marigold seeds started in the greenhouse, it's impossible for me not to think about the end of the school year. After much thought, a few tears, and more than a few headaches, we have decided to send Connor to our lovely public school up the street.
I am completely comfortable with the decision. But that doesn't mean that it's not hard. After all, Connor has been at the same Waldorf school since he turned two, when he and I desperately needed a touchstone in the midst of Helen's arrival. Every week (except the day Helen was born), Connor and I spent our Friday morning together at parent-child class. Before class, I would nurse Helen, hand her over to whomever was caring for her, race to school, and then take a deep breath. Connor and I made snack, knit a small blanket (me) or played with inside toys (Connor), played hand games, ate snack (me) or watched other people eat snack (Connor), played outside, and then watched a puppet play. And then I would race home as fast as I could, and feed Helen again. It was a weekly ritual that set us straight more than once over the next year and a half.
Connor would go on to attend a semester of 3-day Kindergarten, and then two years of 5-day Kindergarten. I consider keeping him in that Kindergarten class the second year, rather than sending him to public school, among the best parenting decisions Ed and I have ever made, for a variety of reasons. Looking back, I'm even more sure of it than I was when Ed and I made the decision. Connor has spent the past year doing everything I think is important. He's focused on manual work (maintaining the classroom, sawing logs for the annual bonfire), imaginative and creative play (you should've seen his rendition of Rumpelstiltskin a few days ago when he went to visit his friend H. - I will forever be sad I didn't capture it on video), and substantive work (forming a cohesive class unit). At Connor's conference a few days ago, Mr. K. noted that Connor had a very strong friendship with one boy, often would join the girls in their kitchen play, but melted easily into anything else that interested him. In short, it's been a fantastic year. Connor runs to the playground each day, with barely a glance back at whomever drops him off for the day. That's a big change from those first days of parent-child, when he would not leave my side for very long at all.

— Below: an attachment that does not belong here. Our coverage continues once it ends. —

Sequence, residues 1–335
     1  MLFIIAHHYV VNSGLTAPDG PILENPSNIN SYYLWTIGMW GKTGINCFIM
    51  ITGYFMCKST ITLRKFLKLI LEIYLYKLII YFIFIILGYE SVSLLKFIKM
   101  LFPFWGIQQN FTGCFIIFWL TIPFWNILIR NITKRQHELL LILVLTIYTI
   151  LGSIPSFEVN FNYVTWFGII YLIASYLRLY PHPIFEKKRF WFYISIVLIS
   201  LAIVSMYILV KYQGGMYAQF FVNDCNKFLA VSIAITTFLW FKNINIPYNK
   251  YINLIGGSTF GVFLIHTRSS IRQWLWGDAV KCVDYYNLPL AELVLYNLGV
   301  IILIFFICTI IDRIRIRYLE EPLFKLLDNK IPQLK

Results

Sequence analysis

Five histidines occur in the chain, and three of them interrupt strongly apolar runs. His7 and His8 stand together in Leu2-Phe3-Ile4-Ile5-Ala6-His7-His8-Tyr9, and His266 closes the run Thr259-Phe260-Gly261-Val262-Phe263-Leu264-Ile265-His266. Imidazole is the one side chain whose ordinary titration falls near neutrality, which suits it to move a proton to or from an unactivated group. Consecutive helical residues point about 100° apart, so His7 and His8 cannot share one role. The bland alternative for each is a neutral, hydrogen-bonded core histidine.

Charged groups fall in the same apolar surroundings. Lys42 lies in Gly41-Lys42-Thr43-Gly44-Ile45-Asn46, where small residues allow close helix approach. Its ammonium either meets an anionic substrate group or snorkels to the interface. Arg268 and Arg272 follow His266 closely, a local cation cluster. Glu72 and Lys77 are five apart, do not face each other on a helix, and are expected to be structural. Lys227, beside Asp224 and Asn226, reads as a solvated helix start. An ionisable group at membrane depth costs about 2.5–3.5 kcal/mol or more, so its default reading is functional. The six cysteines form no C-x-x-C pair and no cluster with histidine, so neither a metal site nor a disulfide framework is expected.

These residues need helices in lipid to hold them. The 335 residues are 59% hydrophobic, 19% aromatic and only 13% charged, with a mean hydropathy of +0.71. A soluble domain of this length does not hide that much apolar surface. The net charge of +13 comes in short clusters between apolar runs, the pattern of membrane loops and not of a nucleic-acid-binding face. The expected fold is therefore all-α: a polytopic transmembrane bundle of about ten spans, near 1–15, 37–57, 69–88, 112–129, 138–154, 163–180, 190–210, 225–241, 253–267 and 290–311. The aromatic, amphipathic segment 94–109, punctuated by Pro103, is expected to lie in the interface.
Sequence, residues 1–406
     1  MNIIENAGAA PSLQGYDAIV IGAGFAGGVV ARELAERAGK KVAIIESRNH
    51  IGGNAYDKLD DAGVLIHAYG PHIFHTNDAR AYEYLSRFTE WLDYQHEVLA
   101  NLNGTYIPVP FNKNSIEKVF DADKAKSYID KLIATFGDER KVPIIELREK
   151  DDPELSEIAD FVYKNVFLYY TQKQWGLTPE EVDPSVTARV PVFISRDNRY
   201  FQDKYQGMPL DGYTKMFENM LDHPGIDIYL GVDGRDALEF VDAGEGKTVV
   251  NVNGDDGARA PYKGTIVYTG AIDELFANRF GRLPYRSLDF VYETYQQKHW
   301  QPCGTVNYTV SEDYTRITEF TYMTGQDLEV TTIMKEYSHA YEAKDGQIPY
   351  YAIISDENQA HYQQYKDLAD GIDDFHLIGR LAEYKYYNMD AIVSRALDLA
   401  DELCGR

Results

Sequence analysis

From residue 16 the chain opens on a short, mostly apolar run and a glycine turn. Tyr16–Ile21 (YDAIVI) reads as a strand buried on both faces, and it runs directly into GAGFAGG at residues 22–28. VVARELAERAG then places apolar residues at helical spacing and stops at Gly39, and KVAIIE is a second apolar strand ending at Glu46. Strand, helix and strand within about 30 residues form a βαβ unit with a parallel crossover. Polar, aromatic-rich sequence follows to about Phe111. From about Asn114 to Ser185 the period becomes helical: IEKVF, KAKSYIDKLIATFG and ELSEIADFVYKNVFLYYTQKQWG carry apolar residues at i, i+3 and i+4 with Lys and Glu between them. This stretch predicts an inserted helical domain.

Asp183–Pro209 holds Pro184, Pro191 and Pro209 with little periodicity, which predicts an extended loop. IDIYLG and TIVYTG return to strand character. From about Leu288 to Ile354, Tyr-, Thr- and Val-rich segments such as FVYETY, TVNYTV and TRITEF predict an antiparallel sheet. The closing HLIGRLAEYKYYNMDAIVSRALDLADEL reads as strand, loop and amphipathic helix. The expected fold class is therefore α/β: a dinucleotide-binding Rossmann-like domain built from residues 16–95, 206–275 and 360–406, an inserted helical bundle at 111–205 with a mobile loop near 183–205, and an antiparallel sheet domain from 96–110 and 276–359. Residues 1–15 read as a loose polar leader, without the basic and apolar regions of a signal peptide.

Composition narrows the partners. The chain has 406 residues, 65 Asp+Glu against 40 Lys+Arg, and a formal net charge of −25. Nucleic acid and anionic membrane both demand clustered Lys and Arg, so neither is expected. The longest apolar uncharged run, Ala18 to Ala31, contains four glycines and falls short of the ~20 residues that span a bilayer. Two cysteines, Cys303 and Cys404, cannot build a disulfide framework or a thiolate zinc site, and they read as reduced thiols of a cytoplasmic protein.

And just as Connor has learned the rhythms of the school, so have I. I've changed from being a hurried parent in the parent-child class - who barely knew what was going on in the school, to being the Treasurer of the board, with stints as newsletter editor, volunteer coordinator for the Fall Festival, and Silent Auction assistant along the way. Finally, I know the ins and out of the school. Rather than seeing a few familiar faces at community gatherings, I see almost all familiar faces. Rather than stressing about certain discipline issues, I know exactly how to handle them. What once seemed completely foreign to me is now second nature. I'm happy to go toe to toe with anyone on why Waldorf education works. As the principal at our public school told me when I fretted about some things Connor will not have been taught when he enters public school "my experience is that Waldorf children come ready to learn". And he is. He is perfectly prepared.
But now the work starts again. We'll both be learning new ropes, for a new system, and I'll be asking for advice from all my neighbors. But especially the one who sent her children to the same Waldorf school Connor went to. She's been heaven sent, so far.
This post was inspired by the book "Mr. Rosenblum Dreams in English" by Natasha Solomons. When Mr. Rosenblum first moves to England, he is handed a manual detailing all the important customs of a proper Englishman. He sets about adding to it. I only hope our journey through public education ends as nicely as Mr. Rosenblum's. It was a fantastic book that I cannot wait to pass onto a friend. As a member of the From Left to Write book club, I received a free copy of the book. This post was inspired by it.